We all know how to stop bleeding.
When our child cuts a finger, we clean the wound and wrap it tightly with adhesive tape.
We apply pressure.
Violence prevention is no different. When an effort is measured and thoughtful and constant, research has shown that the violence can subside.
Release this pressure and the blood will flow again.
This has been a problem in Columbus for years.
There has been a lot of talk about the police not being able to solve this on their own, which is absolutely correct. And there are many grassroots groups working to reach young people at risk, reduce long-standing economic and racial inequalities, and curb violence. In a neighborhood on the South Side, residents have been there for more than 11 years.
But when it comes to city government, that pressure has eased. More attention has been paid lately as the soaring homicide rate continued into 2020 through 2021.
There are many good people in town who are working to change that. We may not be familiar with all of them, but that may have less to do with their messaging than with our willingness to hear them.
Last week I spoke to some of them, members of the interreligious group BROT – Building responsibility, equality and dignity.
BROT played a key role in the city’s decision to hire the well-known criminologist David Kennedy and his team for the city National network for safe communities evaluate recent violence and what drives it.
BREAD works on a variety of social justice concerns, from restorative justice to equitable housing. For several years the group has been urging the city to pursue external expertise and establish strategies for preventing violence.
Knowing that I had written about the violence problem, the group members wanted to tell me where they wanted to take violence prevention.
The city agreed to a $ 80,000 contract with Kennedy and the NNSC to conduct the current violence assessment. BREAD wants the city to partner with Kennedy for another two years. Otherwise, BREAD rightly fears that Columbus could lose its momentum.
So how much are we talking about here? According to BREAD, the contract extension would cost $ 215,000.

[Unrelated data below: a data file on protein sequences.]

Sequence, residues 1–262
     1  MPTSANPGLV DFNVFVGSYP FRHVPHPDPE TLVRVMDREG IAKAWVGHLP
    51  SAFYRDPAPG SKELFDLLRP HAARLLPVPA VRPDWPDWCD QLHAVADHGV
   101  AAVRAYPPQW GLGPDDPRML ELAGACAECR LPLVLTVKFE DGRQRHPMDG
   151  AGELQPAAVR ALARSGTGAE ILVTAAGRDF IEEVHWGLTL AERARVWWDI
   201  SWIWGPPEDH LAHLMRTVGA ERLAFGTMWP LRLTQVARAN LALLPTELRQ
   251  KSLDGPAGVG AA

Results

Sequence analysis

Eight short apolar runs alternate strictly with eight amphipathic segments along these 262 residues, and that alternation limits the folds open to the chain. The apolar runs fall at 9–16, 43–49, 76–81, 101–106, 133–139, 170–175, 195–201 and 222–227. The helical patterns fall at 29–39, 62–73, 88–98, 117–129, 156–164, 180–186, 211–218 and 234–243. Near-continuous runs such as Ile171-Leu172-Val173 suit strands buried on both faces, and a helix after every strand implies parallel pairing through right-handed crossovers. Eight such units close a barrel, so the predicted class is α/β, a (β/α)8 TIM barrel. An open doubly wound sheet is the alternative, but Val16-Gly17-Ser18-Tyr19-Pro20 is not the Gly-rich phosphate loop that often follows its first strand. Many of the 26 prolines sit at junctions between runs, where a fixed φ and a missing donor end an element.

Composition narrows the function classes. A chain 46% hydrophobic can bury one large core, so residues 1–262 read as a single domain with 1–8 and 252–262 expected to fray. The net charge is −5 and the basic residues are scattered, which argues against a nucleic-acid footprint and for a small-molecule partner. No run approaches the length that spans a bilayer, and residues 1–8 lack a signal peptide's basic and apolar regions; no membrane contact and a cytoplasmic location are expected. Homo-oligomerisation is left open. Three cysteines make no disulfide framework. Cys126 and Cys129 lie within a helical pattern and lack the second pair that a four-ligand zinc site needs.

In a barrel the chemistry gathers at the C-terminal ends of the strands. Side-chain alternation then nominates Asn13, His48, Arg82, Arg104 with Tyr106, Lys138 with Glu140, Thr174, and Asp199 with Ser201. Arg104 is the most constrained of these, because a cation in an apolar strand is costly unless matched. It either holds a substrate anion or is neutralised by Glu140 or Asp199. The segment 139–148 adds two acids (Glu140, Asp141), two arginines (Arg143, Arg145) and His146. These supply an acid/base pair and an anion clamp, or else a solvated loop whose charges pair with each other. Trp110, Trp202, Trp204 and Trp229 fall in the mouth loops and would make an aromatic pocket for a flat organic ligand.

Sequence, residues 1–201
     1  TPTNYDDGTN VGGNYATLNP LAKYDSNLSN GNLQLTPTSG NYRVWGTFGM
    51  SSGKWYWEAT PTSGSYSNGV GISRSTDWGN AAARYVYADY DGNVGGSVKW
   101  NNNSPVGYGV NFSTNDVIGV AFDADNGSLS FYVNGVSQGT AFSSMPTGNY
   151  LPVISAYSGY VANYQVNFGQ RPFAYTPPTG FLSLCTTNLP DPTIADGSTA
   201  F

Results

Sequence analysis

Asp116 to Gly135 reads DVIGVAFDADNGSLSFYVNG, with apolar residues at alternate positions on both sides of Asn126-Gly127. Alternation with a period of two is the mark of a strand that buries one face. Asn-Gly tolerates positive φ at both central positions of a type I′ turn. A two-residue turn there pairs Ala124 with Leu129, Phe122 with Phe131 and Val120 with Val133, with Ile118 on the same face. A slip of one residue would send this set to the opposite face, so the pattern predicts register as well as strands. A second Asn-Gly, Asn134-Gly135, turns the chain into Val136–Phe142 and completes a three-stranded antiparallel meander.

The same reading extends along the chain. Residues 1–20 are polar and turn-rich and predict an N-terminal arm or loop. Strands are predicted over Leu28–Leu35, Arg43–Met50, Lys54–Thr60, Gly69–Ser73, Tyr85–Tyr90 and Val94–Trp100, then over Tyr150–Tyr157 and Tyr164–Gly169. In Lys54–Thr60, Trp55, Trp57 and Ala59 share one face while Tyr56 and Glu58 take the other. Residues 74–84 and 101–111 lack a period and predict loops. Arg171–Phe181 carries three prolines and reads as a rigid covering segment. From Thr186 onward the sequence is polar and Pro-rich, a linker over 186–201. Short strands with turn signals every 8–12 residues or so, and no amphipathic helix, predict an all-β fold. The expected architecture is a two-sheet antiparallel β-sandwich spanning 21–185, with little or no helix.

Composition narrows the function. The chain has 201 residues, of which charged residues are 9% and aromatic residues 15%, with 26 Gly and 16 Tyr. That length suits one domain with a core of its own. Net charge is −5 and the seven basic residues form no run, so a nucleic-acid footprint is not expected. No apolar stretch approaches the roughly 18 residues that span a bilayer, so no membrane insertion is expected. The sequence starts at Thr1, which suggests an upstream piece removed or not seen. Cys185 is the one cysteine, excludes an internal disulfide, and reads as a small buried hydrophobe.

I am not one to propose the worthless waste of taxpayers’ money. Keep in mind, however, that the city spent more than twice as much money paying a law firm to investigate the actions of the Columbus Police Department during last year’s protests, only Mayor Andrew J. Ginther and City Council President Shannon Hardin announced that they disagreed with the company’s results.
“We cannot put a price on the racial residents the residents are looking for,” Hardin said in a written statement released by his office at the time.
The same goes for violence, mainly gun violence, which killed 174 people last year.
“This is an absolute public health emergency,” said Dr. Jon Groner, a pediatric trauma surgeon at Nationwide Children’s Hospital and a member of BREAD.
In our discussion, the BREAD members mentioned another funding option worth considering.
In a city that prides itself on public-private partnerships, why hasn’t a single local industry captain hired to pay for such a thing? An established one local insurance companymaybe or A health care company is now seeking a tax break of $ 420 million?
Why that didn’t happen is unclear. Perhaps it’s because murders disproportionately affect parts of the city where residents are least empowered. Associating your business with murders may not be as profitable, even if you are helping to reduce it, like getting your name attached to a professional sports team.
Columbus has proven that it has the drive and ability to perform all kinds of services, if those services are considered vital to the city’s health. Some of these feats were accomplished after others thought they were impossible.
If we can raise our resources to save a soccer team, we can certainly do the same to save lives.